Fidelity’s ‘Scary’ Retirement Findings

October 24, 2007


Jon Chevreau and Rob Carrick have weighed in on the latest Fidelity study that finds that “Canadians are on track to replace only 50% of their pre-retirement income once they retire”. Fidelity continues to insist that this is well short of the “recommended 80% level” despite the shaky assumptions in their original research and another extensive study by Malcolm Hamilton showing that the replacement level on average is closer to 50%.

I don’t have a lot to add to their comments, since we’ve talked a lot about this topic already but you might find the nifty online “Retirement Readiness Snapshot calculator” interesting. The calculator allows you to play with different assumptions and check to see if you are on track for retirement. You can ignore Fidelity’s math and just enter the income you think you’ll need in retirement. For example, I figure we’ll need $60,000 per year in today’s dollars to retire when I am 55, so I entered $75,000 as my current annual income. The calculator tells us that we’ll need about $2 million in savings (in future dollars), which works out to $1.3 million in today’s dollars if inflation is around 2%. Despite the drawbacks of the study, Fidelity’s retirement number seems to be a reasonably conservative estimate (given that CPP/QPP and OAS benefits are estimated for an individual and not for a couple).

A Home is a Nest, Not a Nest Egg

July 4, 2007


While a fully paid-off home is half a step toward retirement, it is equally important to have an investment portfolio consisting of various asset classes to provide income when we have stopped working. Perhaps due to a long string of strong gains in housing prices, many people seem to believe that their home is an “investment” that will support them in retirement. A recent column in The Wall Street Journal shows why houses are not very good investments and relying on your primary residence as a savings strategy is not a good idea. The article makes some good points:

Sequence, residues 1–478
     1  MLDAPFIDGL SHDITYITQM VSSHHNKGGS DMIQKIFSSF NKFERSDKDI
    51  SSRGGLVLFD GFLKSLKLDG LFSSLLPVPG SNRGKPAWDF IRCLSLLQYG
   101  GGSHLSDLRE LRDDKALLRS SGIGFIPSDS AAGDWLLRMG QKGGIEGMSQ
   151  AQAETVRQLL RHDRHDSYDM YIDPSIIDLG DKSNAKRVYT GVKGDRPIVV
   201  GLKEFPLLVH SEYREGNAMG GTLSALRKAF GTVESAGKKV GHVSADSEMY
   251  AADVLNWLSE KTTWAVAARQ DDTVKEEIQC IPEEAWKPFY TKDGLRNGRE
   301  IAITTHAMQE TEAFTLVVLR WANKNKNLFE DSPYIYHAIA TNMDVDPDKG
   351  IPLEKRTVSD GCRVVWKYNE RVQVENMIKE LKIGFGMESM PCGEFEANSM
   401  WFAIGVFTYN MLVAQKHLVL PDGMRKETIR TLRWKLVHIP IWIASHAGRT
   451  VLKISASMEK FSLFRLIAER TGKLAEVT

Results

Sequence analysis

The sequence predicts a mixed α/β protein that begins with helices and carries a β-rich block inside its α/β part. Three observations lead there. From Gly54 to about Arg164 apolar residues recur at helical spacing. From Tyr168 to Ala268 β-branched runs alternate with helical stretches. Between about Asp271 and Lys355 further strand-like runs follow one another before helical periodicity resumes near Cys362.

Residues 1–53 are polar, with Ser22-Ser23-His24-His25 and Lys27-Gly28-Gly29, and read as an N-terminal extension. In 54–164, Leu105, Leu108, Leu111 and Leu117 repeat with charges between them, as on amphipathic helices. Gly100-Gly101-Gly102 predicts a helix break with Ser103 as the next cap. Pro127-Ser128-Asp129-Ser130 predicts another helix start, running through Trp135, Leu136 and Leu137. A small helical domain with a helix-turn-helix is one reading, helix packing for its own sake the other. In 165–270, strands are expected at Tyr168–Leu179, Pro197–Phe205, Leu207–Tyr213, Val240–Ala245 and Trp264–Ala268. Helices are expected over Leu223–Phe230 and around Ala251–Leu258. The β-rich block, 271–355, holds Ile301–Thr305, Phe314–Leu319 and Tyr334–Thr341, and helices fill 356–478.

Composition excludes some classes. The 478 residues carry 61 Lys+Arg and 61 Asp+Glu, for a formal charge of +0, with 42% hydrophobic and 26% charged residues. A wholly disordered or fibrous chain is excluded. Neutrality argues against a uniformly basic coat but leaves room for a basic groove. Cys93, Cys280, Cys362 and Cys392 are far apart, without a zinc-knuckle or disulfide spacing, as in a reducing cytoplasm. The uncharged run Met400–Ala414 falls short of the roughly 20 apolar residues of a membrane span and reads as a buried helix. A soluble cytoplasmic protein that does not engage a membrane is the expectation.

• Homeowners simply subtract the price paid from the selling price to figure how much “profit” they made without accounting for interest expenses, taxes, maintenance and home improvements.
  • Houses are not such great investments over the long-term if you figure in all the extra expenses of being a homeowner. Depending on the area, you could do a lot better, or a lot worse.
  • The best way to rein in home ownership costs are to pay down the mortgage as fast as possible and avoid costly renovations.

I do feel though that the article is over reaching to make its point. In calculating the costs of owning a home valued at $290,000 over 30 years, they estimate the total costs of maintenance and repair and renovations to be $408,000, which I think is far too high. In my own experience, I find that maintenance costs averages about 2% of the value of the home.

Are Canadians Saving Enough For Retirement? Part 2

June 15, 2007


I received a copy of the research report by the Canadian Institute of Actuaries (thanks to Riscario Insider for the link) that estimated how much Canadians in their early to mid-40s need to save for retirement. They estimate this number by assuming that a senior one-person household would spend the same average $24,909 it did in 2003 (adjusted for inflation) and a retired couple would spend $43,717 on basic living expenses (food, shelter, clothing, transportation, health care, energy and taxes). After accounting for how much of these expenses will be covered by OAS, CPP/QPP, the authors calculate how much of the shortfall must be supplied by a combination of retirement savings and home equity. The authors conclude that a single person earning $40,000 needs to save 14% to 20% of annual earnings to cover non-discretionary expenses in retirement (not including home equity). A couple with a combined annual income of $80,000 need to save 12% to 18% of their earnings.

As with any study of this nature, the conclusions are very sensitive to what assumptions are made. I think two key assumptions made in the study are questionable:

  1. According to actuary Malcolm Hamilton (who based his conclusions based on a 1997 survey), the median retired senior couple needs $24,700 for all spending, not just necessary expenses. Fully retired unattached seniors need only $15,000. His estimates are significantly less than the assumptions made in this study.
  2. The study assumes that retirement portfolios will generate the same returns as Government of Canada bonds adjusted for various inflation assumptions. The return assumptions are far too conservative for a fully diversified, low-cost portfolio with a significant exposure to equities suitable for an investor with a 25-year+ time frame.